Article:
The flaws in Europe’s plan to tackle refugee trafficking from Libya

Humanitarian organisations doubt whether the two-pronged EU plan to tackle the refugee crisis can succeed because Libya’s authorities remain too chaotic to get a grip on the situation.

A Libyan aid worker inspects an illegal immigrant child who was rescued with others at sea off the coast of Libya, at a reception centre in the capital Tripoli, on February 5, 2017. More than 120 migrants were rescued by Libyan coastguards off the coast of Tripoli, a day after authorities said they had intercepted more than 400 people attempting the sea crossing to Europe.  AFP / MAHMUD TURKIA
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European Union leaders have agreed on a strategy to combat migrant-smuggling from Libya, which is now at record levels, but its success hinges on a resolution to the country’s civil war.

Last year 181,000 migrants crossed the Mediterranean from Libya to Italy and Malta, and more than 5,000 drowned on the voyage. Both figures were higher than in any year previously.

On Sunday, Libyan coastguards rescued more than 120 migrants, including women and children, off the coast of Tripoli after their boat ran into trouble.

EU leaders issued the Malta Declaration on Friday, setting out a two-pronged strategy to bolster Libya’s coastguard and improve migrant camps in Libya, the aim being to end the perilous flow of people.

European Council president Donald Tusk said Libya’s coastguard would become the chief mechanism for stopping people smugglers who send migrants across the Mediterranean in flimsy boats.

“We will train, equip and support the Libyan coastguard to stop people smugglers and increase search and rescue operations,” Mr Tusk said at the summit in Malta.

Meanwhile, a €200 million (Dh792m) programme will focus on funding Libyans to care better for tens of thousands of migrants who have arrived in hoping for passage to Europe.

But humanitarian organisations doubt either operation can succeed because Libya’s authorities remain too chaotic to get a grip on the situation.

Medecins Sans Frontieres, which operates rescue boats off the Libyan coast, described the EU plan as “madness”.

The organisation tweeted: “With their ‘Malta Declaration’ the EU Council shows how utterly delusional they are about the situation for migrants & refugees in Libya.”

Last week, the German embassy in Niger issued a report describing the grim situation in Libyan migrant detention camps, including “executions of countless migrants, torture, rapes, bribery and banishment to the desert on a daily basis”.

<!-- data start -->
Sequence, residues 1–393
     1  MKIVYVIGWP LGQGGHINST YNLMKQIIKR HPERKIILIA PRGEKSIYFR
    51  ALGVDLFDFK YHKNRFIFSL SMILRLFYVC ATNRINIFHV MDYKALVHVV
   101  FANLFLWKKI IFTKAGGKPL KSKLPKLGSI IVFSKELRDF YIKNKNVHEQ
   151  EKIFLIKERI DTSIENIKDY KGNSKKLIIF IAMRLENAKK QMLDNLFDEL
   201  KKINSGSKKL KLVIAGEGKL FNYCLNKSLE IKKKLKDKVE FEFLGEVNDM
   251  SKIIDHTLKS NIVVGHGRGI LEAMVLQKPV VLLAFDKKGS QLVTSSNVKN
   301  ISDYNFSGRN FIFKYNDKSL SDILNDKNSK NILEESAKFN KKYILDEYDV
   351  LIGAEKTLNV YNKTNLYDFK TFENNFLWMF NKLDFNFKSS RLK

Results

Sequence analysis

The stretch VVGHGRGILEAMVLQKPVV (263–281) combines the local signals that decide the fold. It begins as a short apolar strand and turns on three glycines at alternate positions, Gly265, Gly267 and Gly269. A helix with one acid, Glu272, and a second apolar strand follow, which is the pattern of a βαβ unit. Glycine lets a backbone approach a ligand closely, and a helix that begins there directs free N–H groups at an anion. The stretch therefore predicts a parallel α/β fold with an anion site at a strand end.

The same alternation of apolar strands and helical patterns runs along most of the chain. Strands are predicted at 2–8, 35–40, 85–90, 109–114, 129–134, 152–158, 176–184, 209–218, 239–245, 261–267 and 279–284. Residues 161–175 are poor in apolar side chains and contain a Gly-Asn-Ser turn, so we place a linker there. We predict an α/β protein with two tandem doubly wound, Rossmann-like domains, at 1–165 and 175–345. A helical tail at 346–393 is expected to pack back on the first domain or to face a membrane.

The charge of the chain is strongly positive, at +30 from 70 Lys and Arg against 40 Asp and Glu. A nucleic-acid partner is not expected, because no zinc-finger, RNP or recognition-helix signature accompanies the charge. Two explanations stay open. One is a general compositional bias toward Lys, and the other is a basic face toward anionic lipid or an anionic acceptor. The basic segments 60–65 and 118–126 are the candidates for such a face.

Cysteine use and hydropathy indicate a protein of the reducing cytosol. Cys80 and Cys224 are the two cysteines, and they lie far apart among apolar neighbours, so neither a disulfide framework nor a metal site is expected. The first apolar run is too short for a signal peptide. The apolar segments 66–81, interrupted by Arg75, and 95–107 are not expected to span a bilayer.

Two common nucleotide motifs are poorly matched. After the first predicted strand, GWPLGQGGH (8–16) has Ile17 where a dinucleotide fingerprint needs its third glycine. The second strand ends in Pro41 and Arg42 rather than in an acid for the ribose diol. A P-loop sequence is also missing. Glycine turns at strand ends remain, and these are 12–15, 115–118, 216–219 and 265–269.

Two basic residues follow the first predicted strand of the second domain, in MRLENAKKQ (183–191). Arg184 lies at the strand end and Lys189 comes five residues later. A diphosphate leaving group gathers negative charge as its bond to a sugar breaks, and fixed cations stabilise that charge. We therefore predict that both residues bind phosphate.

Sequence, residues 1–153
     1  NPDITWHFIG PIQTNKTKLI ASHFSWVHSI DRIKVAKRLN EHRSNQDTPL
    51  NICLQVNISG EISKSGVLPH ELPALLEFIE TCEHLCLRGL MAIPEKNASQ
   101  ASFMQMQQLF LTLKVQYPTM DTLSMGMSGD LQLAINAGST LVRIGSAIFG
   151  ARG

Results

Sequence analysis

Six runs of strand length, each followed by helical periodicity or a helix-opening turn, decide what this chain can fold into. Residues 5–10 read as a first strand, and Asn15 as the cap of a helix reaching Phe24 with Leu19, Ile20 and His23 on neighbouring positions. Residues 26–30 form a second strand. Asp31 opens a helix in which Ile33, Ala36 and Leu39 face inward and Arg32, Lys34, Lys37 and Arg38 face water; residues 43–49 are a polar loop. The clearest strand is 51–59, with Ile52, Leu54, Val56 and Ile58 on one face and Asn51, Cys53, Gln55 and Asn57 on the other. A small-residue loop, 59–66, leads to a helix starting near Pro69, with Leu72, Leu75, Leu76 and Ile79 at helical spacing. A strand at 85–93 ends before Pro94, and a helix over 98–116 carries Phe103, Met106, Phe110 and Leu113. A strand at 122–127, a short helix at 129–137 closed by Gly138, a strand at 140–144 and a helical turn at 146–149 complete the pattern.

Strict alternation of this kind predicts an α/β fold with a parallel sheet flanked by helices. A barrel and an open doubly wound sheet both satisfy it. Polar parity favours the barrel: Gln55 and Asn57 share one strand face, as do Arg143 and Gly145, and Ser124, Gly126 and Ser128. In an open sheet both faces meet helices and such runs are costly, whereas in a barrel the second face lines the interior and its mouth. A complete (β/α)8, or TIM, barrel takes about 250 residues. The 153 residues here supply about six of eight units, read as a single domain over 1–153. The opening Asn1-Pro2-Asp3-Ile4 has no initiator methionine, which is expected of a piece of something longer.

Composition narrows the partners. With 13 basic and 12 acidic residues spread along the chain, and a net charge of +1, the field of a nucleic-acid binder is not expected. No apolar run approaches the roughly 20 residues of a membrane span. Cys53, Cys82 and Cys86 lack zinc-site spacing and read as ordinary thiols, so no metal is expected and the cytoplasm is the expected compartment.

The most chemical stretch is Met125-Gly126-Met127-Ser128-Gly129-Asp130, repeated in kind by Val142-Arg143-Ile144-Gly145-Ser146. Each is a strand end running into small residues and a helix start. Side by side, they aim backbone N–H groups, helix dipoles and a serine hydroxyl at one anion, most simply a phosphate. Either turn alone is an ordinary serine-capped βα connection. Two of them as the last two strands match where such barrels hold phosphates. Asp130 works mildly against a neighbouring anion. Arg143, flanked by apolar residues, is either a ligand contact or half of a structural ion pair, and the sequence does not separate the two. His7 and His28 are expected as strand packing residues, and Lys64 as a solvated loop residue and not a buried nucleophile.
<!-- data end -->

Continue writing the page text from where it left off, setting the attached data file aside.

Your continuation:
Human Rights Watch called for the EU to demand that Libyan authorities end cruel practices, highlighting similar findings in a December report by the United Nations high commissioner for refugees.

Libya has become the channel for the largest number of migrants heading to the EU, a position Turkey held in 2015, when the EU borders agency, Frontex, said 764,000 crossed into Europe.

That number fell to 123,000 last year following a deal in March under which the EU agreed to give Turkey financial aid in exchange for keeping migrants — most of them fleeing Syria — on Turkish soil.

Last week Italy, backed by Malta, signed a memorandum of understanding with Fayez Al Serraj, head of the Tripoli-based Government of National Accord (GNA), paving the way for a similar migrant repatriation deal.

But human rights groups say Libya is not a safe place to send migrants, with war raging and ISIL a continuing presence.

For the moment, the EU has held off on approving Italy’s request for a migrant return deal with Libya, hoping its current policies can end the people-smuggling trade.

The EU has deployed warships off Libya since June 2015 as part of Operation Sophia, both to rescue migrants and intercept smugglers.

Operation Sophia says it has arrested 44 smugglers and captured more than 80 boats since then. But a report from Britain’s House of Lords last May, titled “Operation Sophia: An Impossible Challenge”, said EU craft had “no meaningful impact” on migrant smugglers.

The bigger problem is Libya’s chaos, and the inability of the GNA to control all-powerful militias in western Libya who operate the migrant trade.

Eastern Libya has its own interim government, which does not recognise the GNA.

A long-term solution is likely to depend on an end to the country’s political rift, but with forces of the two governments now battling each other in central and southern Libya, unity appears a long way off.

*With additional reporting from Agence France-Presse